Police foil undertrials escape bid
Survey reveals
Mystery disease toll rises to seven
Tension grips colliery after accident
Tension grips colliery after accident
Fair-focus first in Friday headcount
Exam-bound students face litmus test
Tent rush in tremor town
Rescuers heave under pile-up
Kutch dream rises from rubble

 
 
POLICE FOIL UNDERTRIALS ESCAPE BID 
 
 
BY A STAFF REPORTER
 
Calcutta, Feb. 7: 
Two undertrials tried to make a great escape from the Barasat court premises last evening but police caught up with them.

Nibas Chakraborty and Sahid Biswas, both arrested from Habra last week on charges of peddling drugs, were waiting in the lock-up van before the court-call when they sought permission from the constables keeping guard outside to go to the toilet.

The constables, told to keep a “close” watch on the duo, opened the doors of the van. The prisoners jumped and made a run for it.

The police, initially taken by surprise, gave them the chase. They were lucky with Nibas, who stumbled and fell, but Sahid managed to evade the chasing cops.

An alert message was sent to all police stations in the vicinity. Officials fanned out in different directions to hunt down Sahid. One of the teams went to his house at Noapara where they found the criminal packing his bags.

Lawyers of the Barasat court charged the police with negligence. One of them, Nimai Ray, said: “Keeping undertrials in a prison van is against the court’s rules. The court has directed the police to keep all undertrials in the court’s lock-up as soon as they are brought here.”

Additional superintendent of police Praveen Kumar said he had ordered an inquiry into the incident. “If there was any negligence on the part of the policemen on duty, they will be punished,” he said.

   

 
 
SURVEY REVEALS 
 
 
BY A STAFF REPORTER
 
Calcutta, Feb. 7: 
As many as 55 per cent of commercial sex workers and their clients in the Baranagar area of north Calcutta have contracted some form of sexually transmitted diseases, including HIV infections.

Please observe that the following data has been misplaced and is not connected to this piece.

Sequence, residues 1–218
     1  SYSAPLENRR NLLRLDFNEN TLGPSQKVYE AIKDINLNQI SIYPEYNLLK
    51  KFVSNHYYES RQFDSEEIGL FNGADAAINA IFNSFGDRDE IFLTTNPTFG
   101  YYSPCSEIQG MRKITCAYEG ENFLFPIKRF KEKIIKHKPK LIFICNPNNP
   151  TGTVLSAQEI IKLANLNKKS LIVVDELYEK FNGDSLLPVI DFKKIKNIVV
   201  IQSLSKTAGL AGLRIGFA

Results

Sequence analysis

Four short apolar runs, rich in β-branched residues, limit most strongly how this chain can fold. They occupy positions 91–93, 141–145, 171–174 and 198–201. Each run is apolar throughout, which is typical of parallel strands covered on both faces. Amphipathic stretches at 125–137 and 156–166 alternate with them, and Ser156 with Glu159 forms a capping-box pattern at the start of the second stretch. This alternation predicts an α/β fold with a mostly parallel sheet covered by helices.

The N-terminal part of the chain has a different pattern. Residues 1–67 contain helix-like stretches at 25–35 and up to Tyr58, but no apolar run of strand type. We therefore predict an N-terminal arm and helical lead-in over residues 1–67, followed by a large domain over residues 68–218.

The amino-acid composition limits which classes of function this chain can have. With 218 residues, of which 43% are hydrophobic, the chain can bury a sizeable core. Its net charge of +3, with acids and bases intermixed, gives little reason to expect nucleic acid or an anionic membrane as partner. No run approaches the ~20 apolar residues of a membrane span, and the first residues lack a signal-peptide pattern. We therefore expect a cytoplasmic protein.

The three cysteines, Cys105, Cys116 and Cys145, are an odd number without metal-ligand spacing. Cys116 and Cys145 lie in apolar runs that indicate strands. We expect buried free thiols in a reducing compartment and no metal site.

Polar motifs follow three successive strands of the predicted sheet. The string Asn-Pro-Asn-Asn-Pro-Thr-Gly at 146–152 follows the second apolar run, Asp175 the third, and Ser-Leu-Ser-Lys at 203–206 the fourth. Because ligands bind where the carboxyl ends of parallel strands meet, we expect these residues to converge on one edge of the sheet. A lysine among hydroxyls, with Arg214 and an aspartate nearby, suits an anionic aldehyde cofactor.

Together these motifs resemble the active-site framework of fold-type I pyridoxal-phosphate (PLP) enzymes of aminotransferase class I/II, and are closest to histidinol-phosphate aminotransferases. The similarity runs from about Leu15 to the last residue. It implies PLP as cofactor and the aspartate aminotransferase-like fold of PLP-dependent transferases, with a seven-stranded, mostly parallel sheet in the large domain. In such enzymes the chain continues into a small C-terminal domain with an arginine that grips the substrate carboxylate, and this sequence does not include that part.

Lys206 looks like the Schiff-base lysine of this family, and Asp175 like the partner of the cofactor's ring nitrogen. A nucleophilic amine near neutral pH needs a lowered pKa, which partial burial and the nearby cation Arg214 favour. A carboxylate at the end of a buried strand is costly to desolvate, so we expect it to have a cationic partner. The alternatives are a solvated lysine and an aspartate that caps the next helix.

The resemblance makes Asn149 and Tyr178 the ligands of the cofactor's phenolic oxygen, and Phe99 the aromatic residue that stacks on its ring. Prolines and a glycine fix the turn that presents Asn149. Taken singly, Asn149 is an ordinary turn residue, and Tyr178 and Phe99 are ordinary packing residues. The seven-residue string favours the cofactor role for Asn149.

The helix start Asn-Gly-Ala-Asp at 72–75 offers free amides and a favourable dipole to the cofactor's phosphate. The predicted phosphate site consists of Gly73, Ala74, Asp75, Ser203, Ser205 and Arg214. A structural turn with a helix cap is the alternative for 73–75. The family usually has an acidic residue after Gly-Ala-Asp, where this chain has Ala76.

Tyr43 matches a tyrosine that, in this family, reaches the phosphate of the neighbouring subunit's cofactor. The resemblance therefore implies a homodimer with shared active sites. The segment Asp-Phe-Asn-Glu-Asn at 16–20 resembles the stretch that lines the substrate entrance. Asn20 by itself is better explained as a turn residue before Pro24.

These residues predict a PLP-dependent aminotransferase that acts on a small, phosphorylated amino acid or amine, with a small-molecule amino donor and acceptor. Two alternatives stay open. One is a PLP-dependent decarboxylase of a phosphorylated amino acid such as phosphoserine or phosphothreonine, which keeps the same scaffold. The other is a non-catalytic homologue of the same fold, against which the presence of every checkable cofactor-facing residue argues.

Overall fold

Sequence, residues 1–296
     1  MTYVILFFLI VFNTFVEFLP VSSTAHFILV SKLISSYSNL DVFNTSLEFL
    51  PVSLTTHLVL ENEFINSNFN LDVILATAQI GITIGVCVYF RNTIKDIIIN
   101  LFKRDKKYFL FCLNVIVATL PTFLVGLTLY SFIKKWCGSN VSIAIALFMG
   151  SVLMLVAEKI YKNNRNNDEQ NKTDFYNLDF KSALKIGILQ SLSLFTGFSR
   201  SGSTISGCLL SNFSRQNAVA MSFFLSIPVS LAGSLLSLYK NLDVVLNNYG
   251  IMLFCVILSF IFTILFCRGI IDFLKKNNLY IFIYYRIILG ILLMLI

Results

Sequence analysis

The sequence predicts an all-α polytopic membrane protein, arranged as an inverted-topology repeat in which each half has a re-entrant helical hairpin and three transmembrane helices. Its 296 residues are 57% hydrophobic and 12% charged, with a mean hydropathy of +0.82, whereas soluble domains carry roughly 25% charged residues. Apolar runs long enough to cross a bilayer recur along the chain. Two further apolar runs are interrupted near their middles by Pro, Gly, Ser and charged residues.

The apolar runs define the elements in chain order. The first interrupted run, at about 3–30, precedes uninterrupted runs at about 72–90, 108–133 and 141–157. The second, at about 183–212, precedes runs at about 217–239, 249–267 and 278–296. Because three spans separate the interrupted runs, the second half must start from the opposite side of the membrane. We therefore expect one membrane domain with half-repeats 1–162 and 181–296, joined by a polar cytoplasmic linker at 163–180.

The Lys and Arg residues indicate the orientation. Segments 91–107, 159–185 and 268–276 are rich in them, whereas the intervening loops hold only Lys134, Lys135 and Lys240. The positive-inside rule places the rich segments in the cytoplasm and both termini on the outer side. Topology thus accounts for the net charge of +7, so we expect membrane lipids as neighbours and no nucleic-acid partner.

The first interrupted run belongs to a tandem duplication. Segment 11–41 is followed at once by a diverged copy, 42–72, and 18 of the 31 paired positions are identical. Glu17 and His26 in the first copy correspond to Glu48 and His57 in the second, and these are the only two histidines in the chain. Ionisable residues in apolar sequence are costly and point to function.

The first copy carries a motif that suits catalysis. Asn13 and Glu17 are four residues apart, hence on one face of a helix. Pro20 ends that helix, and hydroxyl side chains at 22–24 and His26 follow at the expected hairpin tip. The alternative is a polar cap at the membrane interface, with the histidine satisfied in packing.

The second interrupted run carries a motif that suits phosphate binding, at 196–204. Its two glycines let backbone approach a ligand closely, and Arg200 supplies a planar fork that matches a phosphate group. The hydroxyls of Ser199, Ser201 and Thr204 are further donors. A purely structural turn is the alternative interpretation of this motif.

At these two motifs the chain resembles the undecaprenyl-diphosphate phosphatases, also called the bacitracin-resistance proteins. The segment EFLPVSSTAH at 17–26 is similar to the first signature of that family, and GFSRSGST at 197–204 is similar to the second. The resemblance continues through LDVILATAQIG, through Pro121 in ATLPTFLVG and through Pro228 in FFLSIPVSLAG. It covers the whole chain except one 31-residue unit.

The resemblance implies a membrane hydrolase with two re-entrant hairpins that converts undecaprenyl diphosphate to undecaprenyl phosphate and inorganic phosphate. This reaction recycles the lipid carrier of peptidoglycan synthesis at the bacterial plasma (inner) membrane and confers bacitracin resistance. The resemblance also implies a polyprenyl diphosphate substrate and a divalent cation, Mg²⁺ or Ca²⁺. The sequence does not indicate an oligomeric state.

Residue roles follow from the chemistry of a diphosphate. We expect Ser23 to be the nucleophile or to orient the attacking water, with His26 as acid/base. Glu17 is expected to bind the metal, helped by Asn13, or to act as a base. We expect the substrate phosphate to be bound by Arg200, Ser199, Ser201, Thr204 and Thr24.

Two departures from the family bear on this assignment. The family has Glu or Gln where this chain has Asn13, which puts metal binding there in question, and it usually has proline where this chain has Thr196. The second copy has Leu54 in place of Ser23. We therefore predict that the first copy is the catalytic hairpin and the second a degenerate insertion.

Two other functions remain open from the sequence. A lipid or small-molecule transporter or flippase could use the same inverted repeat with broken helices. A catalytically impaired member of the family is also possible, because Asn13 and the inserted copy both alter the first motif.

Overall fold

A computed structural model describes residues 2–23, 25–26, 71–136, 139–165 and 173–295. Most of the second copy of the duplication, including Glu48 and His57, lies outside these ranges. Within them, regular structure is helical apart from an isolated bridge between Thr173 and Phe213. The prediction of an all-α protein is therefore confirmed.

Worse still, the majority of them were unaware that the disease was caused through sexual transmission.

The findings were revealed in a survey carried out in the area by Bikash Bharati Welfare Society between September and December last year.

At an orientation seminar on prevention, control and management of HIV/AIDS, organised by the society at the National Institute for the Orthopaedically Handicapped in Bonhooghly, speakers warned of a possible increase in the spread of such diseases if awareness levels were not increased and precautionary measures not taken.

For example, the results of the latest sentinel surveillance carried out by the West Bengal State AIDS Prevention and Control Society show that between three and four anti-natal mothers in every 1,000 (3.6%) were HIV positive, up from zero in 1992 and one in 1996.

“Even though this is lower than the national figure of five in every 1,000, it is definite proof that the AIDS virus is percolating into the general population and is no longer restricted to high-risk groups,” said S.K. Ojha, surveillance officer of the state AIDS society.

On the national front, the recently concluded surveillance showed that the quantum of the virus being transmitted through the heterosexual route had gone up from 74.15% to 80.6%, while fresh infections through blood transfusions had come down to 6.1% from 7.6%.

The survey, carried out by Bikash Bharati in the Lebubagan red light area off B.T. Road, reveals :

All three target groups that were approached — sex workers, their clients and substance abusers (those dependent on drugs) — had extremely low awareness levels about STD, HIV/AIDS;

Precautionary measures like condom use were not prevalent: as many as 78 per cent of the sex workers did not use condoms regularly, mainly because of client compulsion;

With government hospitals or health centres, not being located nearby, the sick were going to local doctors and quacks not equipped to handle STD cases.

   

 
 
MYSTERY DISEASE TOLL RISES TO SEVEN 
 
 
FROM PROBIR PRAMANIK
 
Siliguri, Feb. 7: 
The team of medical experts from Calcutta has instructed nursing homes not to mention encephalitis as the cause of death even as two more persons died of the mystery disease in Jalpaiguri, taking the toll to seven.

The medical delegation had yesterday questioned the local doctors’ contention that the mystery disease stalking the region is encephalitis. The team has now instructed the private nursing homes not to write encephalitis in the death certificates issued to families of victims of the disease.